How to Boost Teacher Voice in Policy
In just a couple of months, the Badass Teachers Association , a new teacher-advocacy group dedicated to productive discourse that improves the teaching profession, has made a deep impression on the education reform community and seen its ranks explode. Its members-only Facebook group now numbers more than 20,000. If this isn’t a sign that teachers are aching to have their voices heard, we’re not sure what is. But to truly have an impact on education policy, advocating for a seat at the table is just step one in a long, arduous, yet essential path.
Given their proximity to the issues, teachers should be leading discussions with their colleagues on education reform. They should also be engaging with other key stakeholders, including principals, superintendents, and parents, in robust explorations about possible approaches.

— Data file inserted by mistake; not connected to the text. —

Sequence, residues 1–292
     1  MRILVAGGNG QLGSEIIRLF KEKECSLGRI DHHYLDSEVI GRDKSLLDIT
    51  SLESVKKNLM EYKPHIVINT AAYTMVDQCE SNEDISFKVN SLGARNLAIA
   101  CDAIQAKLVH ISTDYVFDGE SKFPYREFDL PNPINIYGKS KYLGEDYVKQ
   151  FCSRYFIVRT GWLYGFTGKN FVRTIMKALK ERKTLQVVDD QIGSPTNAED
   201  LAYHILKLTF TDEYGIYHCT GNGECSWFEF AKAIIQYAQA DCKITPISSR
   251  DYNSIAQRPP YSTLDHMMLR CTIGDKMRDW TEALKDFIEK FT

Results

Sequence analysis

Asserting one’s voice among the powerful elite of advocates, lobbyists, policymakers, foundations, and others may seem like a daunting challenge. Yet getting a seat at the table is not the only challenge teachers will face: Working with colleagues, administrators, parents, and policymakers to address complex, divisive issues like teacher performance and struggling schools will...
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